- The Web's largest auto-markets provide very similar services. Most list new cars and allow sellers to buy classified ads for used cars. They offer a variety of research features, like access to reviews and Kelley Blue Book values, and they almost unanimously claim to be the "Web's #1 Resource."
- Most sites charge sellers a fee for taking out a classified ad. Fees vary greatly in size and structure, with some coming as flat rates and others that must be paid weekly for as long as the listing is up.
- Car-makers’ Web sites, which can be found easily via any search engine (or usually by adding a “.com” to the company’s name), can be a useful stop in your auto search. These sites typically have dealer locaters, certified pre-owned car-finders, warranty information, lease plans, and pricing information. Many have a "build your ideal car" feature that allows you to customize every detail of a car, from model type and color to upholstery and dashboard paneling.
- Not sure how much car you can afford? There are a slew of car-loan payment calculators on the Net. Two of these can be found at Edmunds and Cars.com. For more information on what these sites have to offer, see their evaluations below.
- An answer to the age-old question, "To lease, or not to lease?" can be found at LeaseGuide.com. This site is a one-stop shop for all of your lease-related queries. Check out the "Lease Guide" to get started.
is a used car marketplace with a massive listing of over 2 million cars. For the buyer, AutoTrader has research and comparison features, tips and advice, reviews, safety information, financing and insurance info, and guides to help you choose the right car. For the seller, AutoTrader has classified ads and value calculators to help you determine the proper asking price.
is a user-friendly site with an intuitive structure. It's broken down into four sections, labeled: buy, sell, research, and shopping advice. Cars.com makes it easy to find a used car in your area or get a price quote from a long list of local dealerships. They have detailed listings and plenty of articles to keep you informed.
is a car buying and research site with over half a million listings for new and used cars, and a variety of articles on issues related to the purchasing process. CarsDirect's interface is simple and easy to use. Check out the useful buying guides that break down the industry by body-type, explaining what cars excel over their competition and why.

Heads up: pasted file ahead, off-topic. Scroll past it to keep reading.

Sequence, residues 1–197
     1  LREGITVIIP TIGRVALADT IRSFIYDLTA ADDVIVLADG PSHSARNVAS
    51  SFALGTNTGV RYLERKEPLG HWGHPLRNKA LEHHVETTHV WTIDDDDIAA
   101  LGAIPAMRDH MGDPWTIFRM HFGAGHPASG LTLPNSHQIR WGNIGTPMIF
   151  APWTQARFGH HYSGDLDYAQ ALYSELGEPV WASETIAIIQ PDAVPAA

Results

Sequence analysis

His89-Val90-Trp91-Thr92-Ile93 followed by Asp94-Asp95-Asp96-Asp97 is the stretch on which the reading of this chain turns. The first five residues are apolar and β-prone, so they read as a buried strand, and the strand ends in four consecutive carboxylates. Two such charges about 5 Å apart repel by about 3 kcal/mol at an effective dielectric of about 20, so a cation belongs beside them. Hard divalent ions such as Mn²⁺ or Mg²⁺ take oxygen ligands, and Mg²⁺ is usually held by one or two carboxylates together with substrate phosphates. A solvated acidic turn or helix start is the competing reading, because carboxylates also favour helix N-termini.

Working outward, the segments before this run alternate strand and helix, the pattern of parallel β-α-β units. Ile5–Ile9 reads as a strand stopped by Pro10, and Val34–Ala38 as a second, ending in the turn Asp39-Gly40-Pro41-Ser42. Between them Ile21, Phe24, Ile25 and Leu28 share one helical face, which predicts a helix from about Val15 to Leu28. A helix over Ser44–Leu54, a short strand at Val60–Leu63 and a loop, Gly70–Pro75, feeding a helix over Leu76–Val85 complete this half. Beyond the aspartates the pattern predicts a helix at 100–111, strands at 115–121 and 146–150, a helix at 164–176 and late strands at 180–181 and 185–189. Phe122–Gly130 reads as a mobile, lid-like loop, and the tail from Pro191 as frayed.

is part of the Autobytel Web site network, which includes CarSmart and Cars.com. AutoWeb's listings differ from those previously mentioned in that they only advertise cars that are for sale by dealers. It provides research tools like Blue Book values, detailed vehicle reviews and summaries, and financing information, like free insurance and loan quotes.
is a car-buying information site that walks car buyers through the entire purchasing process. It has a large “Tips & Advice” section with information on buying, selling, leasing, financing, and more. Edmunds also has appraisal tools like the "true market value" price quotes, and reviews of new and used automobiles.
has new car price quotes, comprehensive used car listings, and reviews. The "Car Research" section takes users from early-stage research like checking invoice pricing reports and rebate/incentive programs, to more advanced features like payment calculators and loan quotes.
is a simple online used car classifieds hub. Cars can be searched by make, model, and year criteria, or by geography. The “Buying Tips” section walks you through a simple 5-step approach to buying a car.
Hobbyists, automotive technicians, and casual do-it-yourselfers will find the Web's auto parts and accessories distributors to be a valuable resource. Whether you're looking to replace a windshield wiper, rebuild a transmission, or locate a hard-to-find part for your classic car, the Web can help you acquire the car parts you need to begin your next project.
- In general you'll find that parts delivery sites have accommodating shipping policies, but double-check before making any purchases, as weight limits and your geography could come into play.
- If you're looking for something small that can be found at a major retail chain, try ordering it from their Web site. Check out Sears.com, Target.com, or Walmart.com for starters.
- Most auto parts retail chains have Web sites that allow you to buy the parts you need online or find a nearby brick-and-mortar location.
For buying car parts ...
is an online car parts seller and D.I.Y. repair center that's composed of a customer support network of nearly 3,000 stores in 50 states. The product list is massive and the site offers a variety of shipping and pick-up options for buyers. In the "Do It Yourself" section you can find maintenance schedules, reliability ratings, recall information, and maintenance tips for many models.
has replacement car parts for a long list of makes and models. In addition to parts, visitors will find tools and equipment to assist with repairs, a variety of cosmetic and operational chemicals and fluids, interior and exterior cleaning supplies, and a “Gifts and Gadgets” area with plenty of miscellaneous goodies.
is a classic and foreign car parts and accessories marketplace. You can search for parts by make and model. Although the listings are pretty extensive, they're by no means comprehensive. If Classic Garage is lacking a part you're looking for they invite you to notify them via e-mail.
stocks all varieties of automotive extras. Car bras, floor mats, mirrors, organizers, seat and steering wheel covers, and much more can be found here.